Living Dangerously: Live in Utah

Anne Strainchamps standing at a podium at the Rose Wagner Center
September 11, 2016
(was 11.15.2015)

There are many ways to live dangerously. Sure, you can take part in a death defying feat like skydiving, but living dangerously also sometimes involves taking intellectual risks, opening up, and being honest with yourself. To the Best of Our Knowledge recently travelled to Salt Lake City to speak with a few people, live onstage, about what it means to live dangerously.

  1. Rock Climber Overcomes Loss by Learning How to Fly

    Steph Davis is a renowned rock climber who's considered one of the best in the world. But after the death of her husband, Mario Richard, nearly a decade ago, she discovered a new and potentially more dangerous career -- as a skydiver, BASE jumper and wingsuit flyer.

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  2. Two Activists Challenge the Mormon Church from Inside and Out

    One way to live dangerously is to stand up for your principles, especially if it means challenging those closest to you. Documentary filmmaker Kendall Wilcox and feminist activist Kate Kelly both exposed themselves to enormous risk when they pushed for change within the LDS Church and community.

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  3. Canopy Biologist Studies Movement from Treetops to Prisons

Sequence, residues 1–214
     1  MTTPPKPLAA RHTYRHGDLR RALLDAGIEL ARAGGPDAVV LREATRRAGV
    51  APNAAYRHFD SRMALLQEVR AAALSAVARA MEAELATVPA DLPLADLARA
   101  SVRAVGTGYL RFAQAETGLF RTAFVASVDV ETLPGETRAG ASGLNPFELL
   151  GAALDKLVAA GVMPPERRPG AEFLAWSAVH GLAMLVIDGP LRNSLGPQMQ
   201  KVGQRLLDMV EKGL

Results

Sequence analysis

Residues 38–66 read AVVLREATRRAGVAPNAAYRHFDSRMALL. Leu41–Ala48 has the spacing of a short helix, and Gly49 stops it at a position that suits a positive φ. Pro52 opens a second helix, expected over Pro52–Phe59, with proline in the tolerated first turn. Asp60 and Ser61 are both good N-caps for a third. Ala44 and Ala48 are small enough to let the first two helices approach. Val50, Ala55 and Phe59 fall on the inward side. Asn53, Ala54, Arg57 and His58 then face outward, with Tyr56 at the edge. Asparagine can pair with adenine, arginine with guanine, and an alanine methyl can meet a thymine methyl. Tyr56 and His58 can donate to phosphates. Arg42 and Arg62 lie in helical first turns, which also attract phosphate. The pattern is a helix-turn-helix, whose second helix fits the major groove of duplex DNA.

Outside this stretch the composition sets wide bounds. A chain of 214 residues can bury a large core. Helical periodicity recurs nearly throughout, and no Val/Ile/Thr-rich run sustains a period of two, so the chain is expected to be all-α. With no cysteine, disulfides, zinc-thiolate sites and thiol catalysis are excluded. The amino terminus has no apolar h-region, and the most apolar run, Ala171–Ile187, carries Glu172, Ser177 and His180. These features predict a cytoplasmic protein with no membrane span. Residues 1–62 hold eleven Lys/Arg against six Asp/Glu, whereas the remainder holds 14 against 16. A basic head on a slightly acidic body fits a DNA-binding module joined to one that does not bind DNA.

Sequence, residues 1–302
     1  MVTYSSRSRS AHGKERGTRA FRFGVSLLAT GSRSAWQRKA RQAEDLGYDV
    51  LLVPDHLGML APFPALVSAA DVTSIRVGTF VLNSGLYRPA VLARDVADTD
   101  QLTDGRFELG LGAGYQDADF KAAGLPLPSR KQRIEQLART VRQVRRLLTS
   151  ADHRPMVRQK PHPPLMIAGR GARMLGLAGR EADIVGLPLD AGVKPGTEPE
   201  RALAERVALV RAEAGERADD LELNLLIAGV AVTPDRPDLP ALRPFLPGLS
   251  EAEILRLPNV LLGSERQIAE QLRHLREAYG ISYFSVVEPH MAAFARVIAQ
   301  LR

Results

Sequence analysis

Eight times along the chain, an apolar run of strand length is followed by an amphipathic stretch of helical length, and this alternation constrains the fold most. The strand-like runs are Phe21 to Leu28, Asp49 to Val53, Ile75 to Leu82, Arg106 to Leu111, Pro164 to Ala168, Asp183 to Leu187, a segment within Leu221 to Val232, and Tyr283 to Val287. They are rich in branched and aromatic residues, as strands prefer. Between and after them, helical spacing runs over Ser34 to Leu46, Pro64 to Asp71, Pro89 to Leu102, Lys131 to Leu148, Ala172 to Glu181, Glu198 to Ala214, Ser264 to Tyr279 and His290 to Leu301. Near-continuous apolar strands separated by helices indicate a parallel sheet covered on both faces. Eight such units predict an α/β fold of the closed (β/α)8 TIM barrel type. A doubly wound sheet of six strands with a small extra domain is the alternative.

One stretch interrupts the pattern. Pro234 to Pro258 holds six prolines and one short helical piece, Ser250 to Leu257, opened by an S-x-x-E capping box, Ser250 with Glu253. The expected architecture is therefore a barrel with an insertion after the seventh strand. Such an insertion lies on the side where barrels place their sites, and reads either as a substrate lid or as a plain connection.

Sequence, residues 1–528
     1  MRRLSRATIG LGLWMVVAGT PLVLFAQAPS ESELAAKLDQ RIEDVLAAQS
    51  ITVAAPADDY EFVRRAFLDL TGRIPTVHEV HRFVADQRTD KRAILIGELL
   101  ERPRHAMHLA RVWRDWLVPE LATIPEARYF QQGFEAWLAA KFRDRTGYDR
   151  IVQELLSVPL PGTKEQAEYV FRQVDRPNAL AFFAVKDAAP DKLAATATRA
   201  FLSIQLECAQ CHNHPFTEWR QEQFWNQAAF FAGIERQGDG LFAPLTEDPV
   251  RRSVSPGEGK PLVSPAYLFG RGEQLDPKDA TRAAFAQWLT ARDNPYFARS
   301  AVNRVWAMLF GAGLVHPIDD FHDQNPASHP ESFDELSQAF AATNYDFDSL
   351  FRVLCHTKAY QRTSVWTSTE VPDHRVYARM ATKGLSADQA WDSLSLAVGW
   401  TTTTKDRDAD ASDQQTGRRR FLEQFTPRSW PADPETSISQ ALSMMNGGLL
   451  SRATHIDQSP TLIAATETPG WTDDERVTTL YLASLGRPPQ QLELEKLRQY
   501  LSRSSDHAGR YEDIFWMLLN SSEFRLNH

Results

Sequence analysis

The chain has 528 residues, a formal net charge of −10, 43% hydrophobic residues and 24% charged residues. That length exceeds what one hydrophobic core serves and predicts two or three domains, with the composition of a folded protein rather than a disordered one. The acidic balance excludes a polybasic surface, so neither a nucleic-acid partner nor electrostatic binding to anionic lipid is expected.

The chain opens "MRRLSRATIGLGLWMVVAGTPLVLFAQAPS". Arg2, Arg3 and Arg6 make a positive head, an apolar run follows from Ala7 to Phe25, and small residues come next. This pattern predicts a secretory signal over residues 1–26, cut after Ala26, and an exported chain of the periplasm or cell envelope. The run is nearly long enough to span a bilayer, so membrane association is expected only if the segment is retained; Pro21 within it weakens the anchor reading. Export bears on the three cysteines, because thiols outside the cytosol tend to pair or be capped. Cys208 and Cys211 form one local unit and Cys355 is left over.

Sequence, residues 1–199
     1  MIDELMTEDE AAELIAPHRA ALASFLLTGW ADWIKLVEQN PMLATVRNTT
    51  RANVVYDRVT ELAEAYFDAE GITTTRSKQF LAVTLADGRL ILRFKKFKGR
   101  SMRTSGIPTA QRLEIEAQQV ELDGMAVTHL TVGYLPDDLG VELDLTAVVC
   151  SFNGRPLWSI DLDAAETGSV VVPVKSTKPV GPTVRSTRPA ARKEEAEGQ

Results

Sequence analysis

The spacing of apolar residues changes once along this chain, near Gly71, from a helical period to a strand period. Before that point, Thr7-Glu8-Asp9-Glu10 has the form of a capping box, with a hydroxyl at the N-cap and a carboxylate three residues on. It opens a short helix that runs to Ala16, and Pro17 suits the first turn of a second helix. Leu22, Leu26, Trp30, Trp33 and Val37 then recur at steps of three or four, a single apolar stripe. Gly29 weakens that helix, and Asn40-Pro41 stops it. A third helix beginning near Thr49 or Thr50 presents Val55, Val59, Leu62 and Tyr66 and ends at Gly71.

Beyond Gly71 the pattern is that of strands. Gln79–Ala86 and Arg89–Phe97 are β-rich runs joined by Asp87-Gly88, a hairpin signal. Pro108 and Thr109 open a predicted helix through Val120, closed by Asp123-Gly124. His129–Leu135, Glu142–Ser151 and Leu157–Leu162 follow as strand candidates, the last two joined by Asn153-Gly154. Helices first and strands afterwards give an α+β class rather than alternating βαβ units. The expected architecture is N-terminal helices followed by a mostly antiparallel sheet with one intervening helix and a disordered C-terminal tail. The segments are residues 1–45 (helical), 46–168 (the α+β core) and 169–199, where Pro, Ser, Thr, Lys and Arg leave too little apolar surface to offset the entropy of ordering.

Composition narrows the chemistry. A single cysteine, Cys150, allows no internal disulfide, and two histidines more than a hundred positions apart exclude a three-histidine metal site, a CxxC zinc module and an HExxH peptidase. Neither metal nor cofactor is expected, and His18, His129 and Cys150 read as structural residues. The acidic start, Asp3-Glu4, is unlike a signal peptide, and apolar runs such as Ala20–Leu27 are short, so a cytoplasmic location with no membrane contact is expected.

Nalini Nadkarni has been called “the queen of canopy research,” in part because of her personal philosophy to bring together two groups - the trees and the general public. She does this by collaborating with dancers, rappers, artists, and prisoners, just to name only a few. She created the Big Canopy Database to help researchers around the world to store the rich trove of data she and others are uncovering.

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  4. Finding Joy and Discomfort in the History of the National Parks

    If you had to pick one writer, one poet, who has persistently reminded us of the connection between inner and outer landscapes it would be Terry Tempest Williams. She's advocated again and again for the preservation of wild places and the importance of national wilderness through books like “Refuge,” “Desert Quartet,” “Finding Beauty in a Broken World” and “When Women Were Birds.” She'll soon be releasing a new book -- “The Hour of Land: A Personal Topography of America’s National Parks.”

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